The instrument cluster is great and displays all the info you need, but could use more colours to help distinguish between fuel gauges, engine temperature, etc. At night, it feels like we are staring at a dotted slate of orange.
We got the chance to hook up our phones wirelessly through Bluetooth to play our own music, but the system won't automatically connect to it. This means we had to actively pair up the audio each time we start the car, and this includes when you stall the vehicle.
Speaking truthfully, the STI wouldn't be an everyday car for me to drive. The ride is uncomfortable and the clutch is cumbersome. The STI is the car I'd use for a Sunday morning adrenaline rush on an empty stretch of tarmac. Starting at $37,995, the STI can be viewed as a performance bargain, but I think the base WRX is an even better one. It starts at $29,995, and trails behind the STI by only 37 horsepower. It has less power lag thanks to a twin-scroll turbo, better fuel economy, and almost an identical suspension to the STI. All that the WRX is missing is that planetary spoiler. On paper, the WRX seems like the more sensible choice, but numbers never tell the full story. Driving the WRX is like conducting a beautiful symphony orchestra - but the STI, it makes its own music.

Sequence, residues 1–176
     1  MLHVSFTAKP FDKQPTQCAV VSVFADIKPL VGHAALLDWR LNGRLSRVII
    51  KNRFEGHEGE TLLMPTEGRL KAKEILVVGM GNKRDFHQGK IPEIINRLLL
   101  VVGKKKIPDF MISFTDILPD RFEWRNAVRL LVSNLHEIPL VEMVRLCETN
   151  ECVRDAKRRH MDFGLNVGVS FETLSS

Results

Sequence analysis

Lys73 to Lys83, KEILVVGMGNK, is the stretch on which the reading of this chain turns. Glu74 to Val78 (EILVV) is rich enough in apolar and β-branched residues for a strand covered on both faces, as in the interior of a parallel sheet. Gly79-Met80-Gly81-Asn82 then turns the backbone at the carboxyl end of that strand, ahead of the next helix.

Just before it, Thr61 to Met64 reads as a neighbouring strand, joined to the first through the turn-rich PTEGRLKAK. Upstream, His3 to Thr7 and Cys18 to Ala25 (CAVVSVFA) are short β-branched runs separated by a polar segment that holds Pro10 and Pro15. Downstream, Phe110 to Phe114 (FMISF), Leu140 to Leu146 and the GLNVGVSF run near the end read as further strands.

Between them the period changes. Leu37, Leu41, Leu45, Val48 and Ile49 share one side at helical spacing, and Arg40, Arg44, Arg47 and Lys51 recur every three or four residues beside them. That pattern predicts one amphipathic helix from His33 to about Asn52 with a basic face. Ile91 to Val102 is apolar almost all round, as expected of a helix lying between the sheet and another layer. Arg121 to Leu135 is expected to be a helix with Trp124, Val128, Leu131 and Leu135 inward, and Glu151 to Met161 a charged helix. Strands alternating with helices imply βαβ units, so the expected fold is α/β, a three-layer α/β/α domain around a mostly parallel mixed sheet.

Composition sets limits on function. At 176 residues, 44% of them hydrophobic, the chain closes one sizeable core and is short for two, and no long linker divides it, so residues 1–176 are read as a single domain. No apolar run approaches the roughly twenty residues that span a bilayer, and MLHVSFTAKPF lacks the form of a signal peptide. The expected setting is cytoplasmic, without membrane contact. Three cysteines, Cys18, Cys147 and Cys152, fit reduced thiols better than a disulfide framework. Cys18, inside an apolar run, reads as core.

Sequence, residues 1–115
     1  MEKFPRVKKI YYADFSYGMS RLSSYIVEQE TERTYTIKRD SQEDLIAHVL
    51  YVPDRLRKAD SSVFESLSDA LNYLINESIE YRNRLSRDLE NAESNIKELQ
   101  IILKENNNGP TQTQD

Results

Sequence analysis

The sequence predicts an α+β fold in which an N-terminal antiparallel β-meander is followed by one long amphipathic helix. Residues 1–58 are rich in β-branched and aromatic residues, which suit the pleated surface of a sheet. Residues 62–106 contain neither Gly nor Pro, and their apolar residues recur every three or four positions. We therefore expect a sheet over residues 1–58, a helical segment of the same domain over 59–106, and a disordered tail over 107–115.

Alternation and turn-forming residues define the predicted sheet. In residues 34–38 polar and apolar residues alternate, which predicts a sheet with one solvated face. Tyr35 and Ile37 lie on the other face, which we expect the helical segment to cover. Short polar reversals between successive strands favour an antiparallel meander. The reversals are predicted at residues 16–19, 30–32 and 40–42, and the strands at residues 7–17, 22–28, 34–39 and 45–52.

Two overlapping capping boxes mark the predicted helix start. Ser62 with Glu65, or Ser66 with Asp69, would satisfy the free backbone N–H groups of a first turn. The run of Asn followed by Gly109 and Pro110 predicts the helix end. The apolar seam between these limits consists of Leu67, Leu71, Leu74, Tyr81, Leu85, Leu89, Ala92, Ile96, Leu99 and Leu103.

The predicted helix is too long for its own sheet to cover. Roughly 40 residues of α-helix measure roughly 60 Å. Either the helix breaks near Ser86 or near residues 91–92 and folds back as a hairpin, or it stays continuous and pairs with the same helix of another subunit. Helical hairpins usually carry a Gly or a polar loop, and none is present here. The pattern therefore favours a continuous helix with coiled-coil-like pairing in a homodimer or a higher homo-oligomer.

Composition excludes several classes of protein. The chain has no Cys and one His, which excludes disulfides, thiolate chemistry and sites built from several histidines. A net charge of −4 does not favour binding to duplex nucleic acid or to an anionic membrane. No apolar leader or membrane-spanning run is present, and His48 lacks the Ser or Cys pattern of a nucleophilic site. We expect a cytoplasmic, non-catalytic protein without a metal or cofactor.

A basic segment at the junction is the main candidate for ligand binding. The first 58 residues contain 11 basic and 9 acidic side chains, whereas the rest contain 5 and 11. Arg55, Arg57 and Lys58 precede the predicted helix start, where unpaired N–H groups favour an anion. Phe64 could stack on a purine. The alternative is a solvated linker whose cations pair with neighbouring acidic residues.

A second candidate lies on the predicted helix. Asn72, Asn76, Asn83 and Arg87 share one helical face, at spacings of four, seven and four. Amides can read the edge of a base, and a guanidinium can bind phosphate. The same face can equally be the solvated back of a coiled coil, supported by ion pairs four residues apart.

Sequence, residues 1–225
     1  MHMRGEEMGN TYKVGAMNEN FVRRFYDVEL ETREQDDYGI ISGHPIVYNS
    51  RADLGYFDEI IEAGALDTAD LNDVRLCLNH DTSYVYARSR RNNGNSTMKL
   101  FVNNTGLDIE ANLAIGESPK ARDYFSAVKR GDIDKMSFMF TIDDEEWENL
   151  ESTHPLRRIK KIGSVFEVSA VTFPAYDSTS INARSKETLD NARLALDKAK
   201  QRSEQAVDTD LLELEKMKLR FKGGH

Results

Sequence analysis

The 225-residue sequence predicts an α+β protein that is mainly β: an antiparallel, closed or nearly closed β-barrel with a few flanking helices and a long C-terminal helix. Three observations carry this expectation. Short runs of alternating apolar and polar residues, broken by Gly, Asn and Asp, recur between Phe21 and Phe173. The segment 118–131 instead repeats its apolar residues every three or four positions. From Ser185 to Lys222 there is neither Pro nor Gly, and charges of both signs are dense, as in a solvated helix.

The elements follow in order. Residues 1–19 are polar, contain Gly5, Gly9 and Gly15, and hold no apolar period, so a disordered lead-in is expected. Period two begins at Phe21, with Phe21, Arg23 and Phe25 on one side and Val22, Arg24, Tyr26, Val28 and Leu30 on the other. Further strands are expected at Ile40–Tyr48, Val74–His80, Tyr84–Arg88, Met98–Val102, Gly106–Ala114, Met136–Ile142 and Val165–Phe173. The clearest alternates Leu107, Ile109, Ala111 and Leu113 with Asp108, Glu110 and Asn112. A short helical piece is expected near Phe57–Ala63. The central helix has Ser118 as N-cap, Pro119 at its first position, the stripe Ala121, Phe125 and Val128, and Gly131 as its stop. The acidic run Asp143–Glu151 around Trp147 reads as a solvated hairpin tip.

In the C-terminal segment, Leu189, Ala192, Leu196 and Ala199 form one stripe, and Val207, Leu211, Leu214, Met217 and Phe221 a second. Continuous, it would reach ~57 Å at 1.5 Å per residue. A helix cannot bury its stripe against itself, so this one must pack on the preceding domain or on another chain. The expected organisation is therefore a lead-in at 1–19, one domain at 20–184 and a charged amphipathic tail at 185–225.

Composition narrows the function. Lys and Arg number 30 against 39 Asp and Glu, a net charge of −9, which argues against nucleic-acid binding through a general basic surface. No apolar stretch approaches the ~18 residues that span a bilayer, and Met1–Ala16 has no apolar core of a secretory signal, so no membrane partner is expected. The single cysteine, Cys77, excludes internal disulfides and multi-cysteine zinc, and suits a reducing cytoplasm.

型号 Model: 2015 Subaru WRX STI Sport Package
顏色 Paint Type: Crystal White Pearl
廠方建議售價 Base Price: $40,495.00
試車售價 Price as Tested: $42,476.15 (with PDI, freight, and other fees)
軸距 Wheelbase(mm): 2650
長闊 Length/Width/Height (mm): 4959 / 1795 / 1475
車重 Weight (lb): 3384
引擎 Engine: 2.5-liter DOHC turbocharged 16-valve 4-cylinder SUBARU BOXER
最大馬力 Horsepower-HP: 305 / 6000rpm
最高扭力 Torque-LB-FT: 290 / 4000rpm
波箱 Transmission: Close-ratio 6-speed manual with Hill Holder system
擺佈 Engine & Drive Configuration: Front engine, AWD
前懸 Suspension-Front: MacPherson strut with aluminum lower suspension arm with pillow ball mounts and bushings, stabilizer bar
後懸 Suspension-Rear: Double-wishbone
煞制 Brakes: Brembo 4-wheel disc, ventilated front and rear, dual-piston rear calipers
循跡操控系统 ABS/Traction Control: Standard
油耗 Fuel Consumption (City/Highway)- L/100 km: 12.3 / 8.6 (we got 12.9L/100km)
輪胎尺碼 Tires: 245/40R18 Dunlop SP SPORT - 18 x 8.5-inch Enkei dark gunmetal